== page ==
Your answers will hinge on both your insights as well as ongoing reviews and online research.
Reviewing Your Lease Portfolio
To navigate the changes involved with lease accounting, you’ll need to scrutinize your current lease portfolio. This entails identifying the leases you currently have in your inventory and gathering the required documents. Doing so will help you better understand the lease terms, conditions, and financial implications for the contracts.
By taking this step, you’ll create a more organized foundation – a foundation that will help you manage your lease accounting steps so you can make management decisions and system updates more easily.
Using Lease Accounting Software
To make sure all changes are handled correctly, you’ll need to implement software for your lease accounting contracts. This software will streamline the data flow by collecting the information and calculating the numbers. When choosing a software for this purpose, you’ll need to consider the following:
- The software’s compatibility with with your current software systems
- Ease of use
- Customer support
Revising Policies and Processes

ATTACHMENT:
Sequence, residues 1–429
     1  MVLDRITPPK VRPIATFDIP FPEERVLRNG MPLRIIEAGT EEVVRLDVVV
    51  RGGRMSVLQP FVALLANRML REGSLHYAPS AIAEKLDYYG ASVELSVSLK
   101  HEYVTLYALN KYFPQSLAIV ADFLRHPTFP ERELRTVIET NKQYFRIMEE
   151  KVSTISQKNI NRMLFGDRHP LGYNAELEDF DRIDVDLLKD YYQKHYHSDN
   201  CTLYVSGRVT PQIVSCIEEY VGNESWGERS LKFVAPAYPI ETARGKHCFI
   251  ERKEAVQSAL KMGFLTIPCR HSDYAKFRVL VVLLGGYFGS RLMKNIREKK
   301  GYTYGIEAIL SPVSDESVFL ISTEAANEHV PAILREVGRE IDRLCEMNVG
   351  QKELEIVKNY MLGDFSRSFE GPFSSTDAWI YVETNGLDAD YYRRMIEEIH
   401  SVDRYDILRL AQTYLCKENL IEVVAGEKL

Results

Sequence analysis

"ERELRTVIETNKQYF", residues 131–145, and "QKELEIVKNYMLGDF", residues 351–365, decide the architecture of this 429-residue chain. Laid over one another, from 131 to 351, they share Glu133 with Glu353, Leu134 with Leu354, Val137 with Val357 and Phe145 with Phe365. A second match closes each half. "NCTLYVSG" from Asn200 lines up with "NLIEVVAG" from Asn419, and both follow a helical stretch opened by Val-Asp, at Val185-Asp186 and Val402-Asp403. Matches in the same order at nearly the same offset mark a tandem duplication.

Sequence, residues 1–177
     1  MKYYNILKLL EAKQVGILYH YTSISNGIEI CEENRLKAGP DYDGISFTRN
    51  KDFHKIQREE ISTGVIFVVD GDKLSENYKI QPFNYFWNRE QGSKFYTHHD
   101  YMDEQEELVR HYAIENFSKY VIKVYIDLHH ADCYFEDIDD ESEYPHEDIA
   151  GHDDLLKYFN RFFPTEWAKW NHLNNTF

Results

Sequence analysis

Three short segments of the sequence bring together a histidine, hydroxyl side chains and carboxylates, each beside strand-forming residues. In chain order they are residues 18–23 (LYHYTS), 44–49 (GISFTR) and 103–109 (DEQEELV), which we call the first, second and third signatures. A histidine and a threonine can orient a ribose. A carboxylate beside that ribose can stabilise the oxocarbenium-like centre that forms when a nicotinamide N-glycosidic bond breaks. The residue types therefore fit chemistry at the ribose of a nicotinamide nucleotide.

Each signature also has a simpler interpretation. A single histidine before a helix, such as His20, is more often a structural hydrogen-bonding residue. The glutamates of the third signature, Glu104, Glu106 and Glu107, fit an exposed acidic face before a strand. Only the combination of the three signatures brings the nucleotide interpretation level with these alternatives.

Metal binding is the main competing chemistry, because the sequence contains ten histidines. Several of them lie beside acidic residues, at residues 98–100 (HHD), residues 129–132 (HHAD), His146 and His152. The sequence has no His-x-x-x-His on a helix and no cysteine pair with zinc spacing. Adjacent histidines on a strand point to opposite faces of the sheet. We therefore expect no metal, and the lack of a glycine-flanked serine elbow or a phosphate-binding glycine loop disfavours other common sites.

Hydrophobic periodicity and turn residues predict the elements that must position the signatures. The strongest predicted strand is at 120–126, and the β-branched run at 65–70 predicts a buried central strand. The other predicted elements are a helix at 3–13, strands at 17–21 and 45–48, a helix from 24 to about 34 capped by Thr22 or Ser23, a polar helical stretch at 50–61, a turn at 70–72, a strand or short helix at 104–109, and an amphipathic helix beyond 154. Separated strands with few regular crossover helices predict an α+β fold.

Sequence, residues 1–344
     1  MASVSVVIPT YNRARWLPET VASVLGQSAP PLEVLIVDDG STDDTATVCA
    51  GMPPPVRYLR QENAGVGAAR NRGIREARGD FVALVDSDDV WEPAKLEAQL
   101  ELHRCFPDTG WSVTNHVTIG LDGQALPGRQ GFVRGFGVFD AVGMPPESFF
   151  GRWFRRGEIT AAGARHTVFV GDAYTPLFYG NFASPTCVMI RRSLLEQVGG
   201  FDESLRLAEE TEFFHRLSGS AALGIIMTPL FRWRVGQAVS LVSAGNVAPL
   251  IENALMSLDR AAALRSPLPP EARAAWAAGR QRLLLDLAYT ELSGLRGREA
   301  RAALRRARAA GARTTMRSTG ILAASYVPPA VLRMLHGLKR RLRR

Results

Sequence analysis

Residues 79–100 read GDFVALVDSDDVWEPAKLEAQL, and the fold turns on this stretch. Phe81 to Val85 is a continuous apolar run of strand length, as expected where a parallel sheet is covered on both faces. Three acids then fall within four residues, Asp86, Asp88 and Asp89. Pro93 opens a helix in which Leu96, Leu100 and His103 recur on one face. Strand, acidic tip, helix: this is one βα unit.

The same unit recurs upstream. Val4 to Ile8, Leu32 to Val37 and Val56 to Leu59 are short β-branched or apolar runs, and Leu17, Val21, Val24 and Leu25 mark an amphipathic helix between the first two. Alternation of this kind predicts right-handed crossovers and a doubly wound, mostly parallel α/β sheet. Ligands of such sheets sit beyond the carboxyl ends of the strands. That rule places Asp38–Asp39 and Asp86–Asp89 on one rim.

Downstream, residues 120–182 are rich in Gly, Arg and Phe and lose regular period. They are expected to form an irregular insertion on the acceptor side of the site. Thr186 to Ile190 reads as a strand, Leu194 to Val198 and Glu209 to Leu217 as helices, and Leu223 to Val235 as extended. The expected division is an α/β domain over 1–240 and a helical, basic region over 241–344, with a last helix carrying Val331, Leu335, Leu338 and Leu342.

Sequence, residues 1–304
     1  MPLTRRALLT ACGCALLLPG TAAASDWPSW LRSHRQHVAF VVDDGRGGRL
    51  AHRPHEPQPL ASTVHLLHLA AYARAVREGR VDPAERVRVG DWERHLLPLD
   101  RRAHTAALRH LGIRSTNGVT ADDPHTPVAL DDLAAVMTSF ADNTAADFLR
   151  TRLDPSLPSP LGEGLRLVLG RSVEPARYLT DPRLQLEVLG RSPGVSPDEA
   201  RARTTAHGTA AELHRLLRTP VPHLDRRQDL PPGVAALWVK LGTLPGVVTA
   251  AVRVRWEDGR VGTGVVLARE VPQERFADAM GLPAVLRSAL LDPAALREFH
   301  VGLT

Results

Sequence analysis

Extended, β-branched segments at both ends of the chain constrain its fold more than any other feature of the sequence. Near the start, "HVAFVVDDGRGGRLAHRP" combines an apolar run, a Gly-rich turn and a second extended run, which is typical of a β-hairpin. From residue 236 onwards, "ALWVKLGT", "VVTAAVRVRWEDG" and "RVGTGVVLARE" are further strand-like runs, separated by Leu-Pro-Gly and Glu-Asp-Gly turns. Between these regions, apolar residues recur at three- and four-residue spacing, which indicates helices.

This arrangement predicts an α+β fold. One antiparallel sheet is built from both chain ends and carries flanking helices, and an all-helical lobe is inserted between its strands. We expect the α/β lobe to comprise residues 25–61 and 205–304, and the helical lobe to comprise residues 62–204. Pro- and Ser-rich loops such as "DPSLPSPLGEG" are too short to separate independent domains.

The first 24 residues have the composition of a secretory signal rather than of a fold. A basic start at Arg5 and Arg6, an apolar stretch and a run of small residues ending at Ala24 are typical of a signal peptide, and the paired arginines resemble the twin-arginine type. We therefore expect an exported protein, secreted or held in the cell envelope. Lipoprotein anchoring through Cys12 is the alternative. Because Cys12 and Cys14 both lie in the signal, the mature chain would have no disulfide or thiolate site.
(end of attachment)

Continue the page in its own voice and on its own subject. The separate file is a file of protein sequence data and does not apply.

With new lease accounting practices in place, you’ll also need to assess your internal processes and policies. This is necessary to remain compliant.
It’s also important to provide training to your employees on new policies and procedures. In addition, it’s essential to stay updated on the current lease accounting landscape.You can do this by joining accounting organizations and regularly consulting with your accountant.
Changes in Lease Accounting: FAQs
Changes in lease accounting can be confusing. Therefore, it’s important to demystify some of the changes so you’ll know how to proceed. The following FAQs can help you navigate the new standards so things will make more sense.
How Do the Changes Affect Leases Specifically?
Current standards, as mentioned, apply to leases 12 months or more in duration. If you have leases that last less than 12 months or leases that feature low-value assets, they are exempt. Therefore, they do not need to be included on the balance sheet..
How Do the Changes Impact Reporting?